Monday, December 15, 2014

Third Monday of Advent: Noticing

In early November, my church hosted a "fall festival." It was part Halloween, part precursor to Thanksgiving, complete with costumes & trunk-or-treat, a hayride, a turkey craft, and a firepit. The whole family attended along with 50-60 of our fellow members: Coffeeson collected plenty of sweets, Coffeewife mostly worked on the family craft, we took turns chasing Coffeedaughter around, and I generally floated from one station to another, observing, laughing, talking.

In general, I find things like campfires and firepits to be meditative. There is something about a flame that is relaxing to me in a non-pyromaniacal sort of way. Just watching it dance and move and spark eases my mind.

In the case of this gathering, the firepit session served as our time to wrap things up. We sang a few songs and shared a devotion before dispersing. The fire had been going for some time before, with people moving in and out of the circle depending on other activities and whether one's child demanded attention.

I was able to spend some time around the flame shortly after it began, along with a handful of others. More would wander over, with many side conversations threading themselves around the circle. During this part of the evening, I made it a point to notice the others with whom I shared the fire's warmth: the young family that had joined the Sunday prior, the middle-aged couple whose wedding I just officiated, the bundled-up baby I'd baptized. It was the type of moment that helped me realize how much I'd been settling in; how thankful I'd been to be involved with these people and with this congregation.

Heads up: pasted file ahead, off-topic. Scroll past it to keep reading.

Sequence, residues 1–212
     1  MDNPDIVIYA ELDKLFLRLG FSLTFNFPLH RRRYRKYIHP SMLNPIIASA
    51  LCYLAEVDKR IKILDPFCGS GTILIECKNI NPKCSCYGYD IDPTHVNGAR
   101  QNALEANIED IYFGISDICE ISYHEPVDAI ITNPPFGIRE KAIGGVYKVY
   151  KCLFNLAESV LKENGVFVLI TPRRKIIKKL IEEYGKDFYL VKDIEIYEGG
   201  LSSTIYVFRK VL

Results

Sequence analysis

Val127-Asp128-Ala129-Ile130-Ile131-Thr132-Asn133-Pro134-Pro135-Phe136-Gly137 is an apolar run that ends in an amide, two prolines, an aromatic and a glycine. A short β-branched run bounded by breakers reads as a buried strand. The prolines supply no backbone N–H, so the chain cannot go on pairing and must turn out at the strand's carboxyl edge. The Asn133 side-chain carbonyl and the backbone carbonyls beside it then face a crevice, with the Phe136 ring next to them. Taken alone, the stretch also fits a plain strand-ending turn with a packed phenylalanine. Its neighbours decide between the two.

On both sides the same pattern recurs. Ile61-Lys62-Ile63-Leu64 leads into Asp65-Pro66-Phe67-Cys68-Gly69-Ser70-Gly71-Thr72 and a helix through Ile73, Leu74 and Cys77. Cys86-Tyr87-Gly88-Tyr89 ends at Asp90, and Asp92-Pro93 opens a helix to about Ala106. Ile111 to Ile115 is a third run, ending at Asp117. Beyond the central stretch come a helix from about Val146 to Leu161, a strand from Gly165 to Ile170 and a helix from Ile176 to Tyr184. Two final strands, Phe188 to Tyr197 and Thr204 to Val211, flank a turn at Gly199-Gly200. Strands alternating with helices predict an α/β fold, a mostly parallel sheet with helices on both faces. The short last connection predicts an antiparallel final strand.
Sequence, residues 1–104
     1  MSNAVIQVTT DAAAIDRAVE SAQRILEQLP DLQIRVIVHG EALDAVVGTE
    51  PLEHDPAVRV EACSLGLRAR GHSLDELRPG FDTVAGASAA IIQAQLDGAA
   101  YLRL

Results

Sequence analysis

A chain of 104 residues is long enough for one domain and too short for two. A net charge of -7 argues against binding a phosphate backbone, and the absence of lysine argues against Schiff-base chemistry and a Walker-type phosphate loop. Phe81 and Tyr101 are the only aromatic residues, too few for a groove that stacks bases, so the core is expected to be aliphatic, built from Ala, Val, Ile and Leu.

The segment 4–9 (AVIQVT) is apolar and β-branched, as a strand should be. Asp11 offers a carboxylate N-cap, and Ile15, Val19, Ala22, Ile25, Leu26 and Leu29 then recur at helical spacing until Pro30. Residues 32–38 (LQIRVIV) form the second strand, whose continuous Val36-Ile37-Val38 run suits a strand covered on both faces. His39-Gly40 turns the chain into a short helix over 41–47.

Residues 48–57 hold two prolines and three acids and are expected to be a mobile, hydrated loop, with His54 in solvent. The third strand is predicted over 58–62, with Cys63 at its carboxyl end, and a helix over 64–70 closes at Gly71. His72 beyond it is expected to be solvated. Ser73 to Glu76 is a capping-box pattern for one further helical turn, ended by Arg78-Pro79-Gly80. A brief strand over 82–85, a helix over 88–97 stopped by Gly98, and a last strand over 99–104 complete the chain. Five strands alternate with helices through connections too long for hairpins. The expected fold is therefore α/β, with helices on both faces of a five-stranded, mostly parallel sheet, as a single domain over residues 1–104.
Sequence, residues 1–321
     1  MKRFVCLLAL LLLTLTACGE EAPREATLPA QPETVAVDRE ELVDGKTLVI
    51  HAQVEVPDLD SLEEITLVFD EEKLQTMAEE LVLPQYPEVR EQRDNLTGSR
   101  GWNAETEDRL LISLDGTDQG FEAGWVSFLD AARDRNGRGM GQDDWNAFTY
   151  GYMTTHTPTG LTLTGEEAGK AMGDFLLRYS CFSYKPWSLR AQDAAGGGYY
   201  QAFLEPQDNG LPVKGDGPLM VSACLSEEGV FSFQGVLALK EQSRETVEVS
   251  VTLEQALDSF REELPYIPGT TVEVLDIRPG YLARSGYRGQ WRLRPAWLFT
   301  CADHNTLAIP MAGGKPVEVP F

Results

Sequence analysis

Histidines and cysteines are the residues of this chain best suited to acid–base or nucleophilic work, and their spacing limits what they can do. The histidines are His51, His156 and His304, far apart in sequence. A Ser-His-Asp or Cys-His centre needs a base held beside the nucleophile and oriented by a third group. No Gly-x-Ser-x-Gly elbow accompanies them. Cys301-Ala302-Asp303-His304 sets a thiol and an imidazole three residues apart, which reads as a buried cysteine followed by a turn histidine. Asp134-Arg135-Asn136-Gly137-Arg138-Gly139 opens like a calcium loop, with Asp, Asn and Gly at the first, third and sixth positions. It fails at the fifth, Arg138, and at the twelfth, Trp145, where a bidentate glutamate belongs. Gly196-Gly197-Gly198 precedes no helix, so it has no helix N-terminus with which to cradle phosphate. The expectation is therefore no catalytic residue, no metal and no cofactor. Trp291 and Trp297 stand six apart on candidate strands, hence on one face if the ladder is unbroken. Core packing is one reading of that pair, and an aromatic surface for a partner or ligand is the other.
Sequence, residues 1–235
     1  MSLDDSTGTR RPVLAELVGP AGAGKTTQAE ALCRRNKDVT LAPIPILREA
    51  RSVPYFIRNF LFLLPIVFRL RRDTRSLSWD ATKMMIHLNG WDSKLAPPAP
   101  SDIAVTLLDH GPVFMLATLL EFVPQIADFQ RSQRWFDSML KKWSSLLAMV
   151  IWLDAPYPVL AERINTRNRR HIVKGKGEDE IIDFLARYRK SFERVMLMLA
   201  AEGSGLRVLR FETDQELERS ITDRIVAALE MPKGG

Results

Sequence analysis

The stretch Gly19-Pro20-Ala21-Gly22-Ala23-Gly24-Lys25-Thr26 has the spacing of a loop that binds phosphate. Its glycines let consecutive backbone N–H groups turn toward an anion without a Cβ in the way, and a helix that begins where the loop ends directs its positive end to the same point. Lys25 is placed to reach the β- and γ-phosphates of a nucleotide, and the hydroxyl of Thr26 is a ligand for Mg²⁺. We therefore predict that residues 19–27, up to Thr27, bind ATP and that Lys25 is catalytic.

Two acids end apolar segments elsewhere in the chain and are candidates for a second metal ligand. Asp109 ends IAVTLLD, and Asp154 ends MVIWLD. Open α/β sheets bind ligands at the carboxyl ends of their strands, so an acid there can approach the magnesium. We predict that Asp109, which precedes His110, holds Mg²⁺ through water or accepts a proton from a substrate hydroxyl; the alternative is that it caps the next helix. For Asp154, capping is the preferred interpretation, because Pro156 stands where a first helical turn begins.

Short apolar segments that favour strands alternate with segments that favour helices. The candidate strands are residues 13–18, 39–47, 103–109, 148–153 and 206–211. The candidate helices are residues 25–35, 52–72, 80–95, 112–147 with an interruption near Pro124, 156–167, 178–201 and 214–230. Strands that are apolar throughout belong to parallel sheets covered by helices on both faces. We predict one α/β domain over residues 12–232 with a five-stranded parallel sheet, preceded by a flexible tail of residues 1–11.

At the end of November, I marked 10 years of full-time ministry. 10 years in two churches, and hundreds of relationships, pastoral moments, and blessed milestones between them. I've always considered it a privilege to be able to do this work, and I say a small prayer of thanks for that just before I lead worship each week.

With this being the week to think about joy, I hope that I always retain some sense of joy for what I do. When I can do things like stand around a fire and intentionally mark how I am already becoming a part of this church's life, I can remember why I love ministry and to be joyful.

It's been my experience that such noticing must be intentional. I was glad to notice those to whom I'd been called that night; to take joy in my time with them, both past and present. I want to keep noticing; I want to keep finding joy.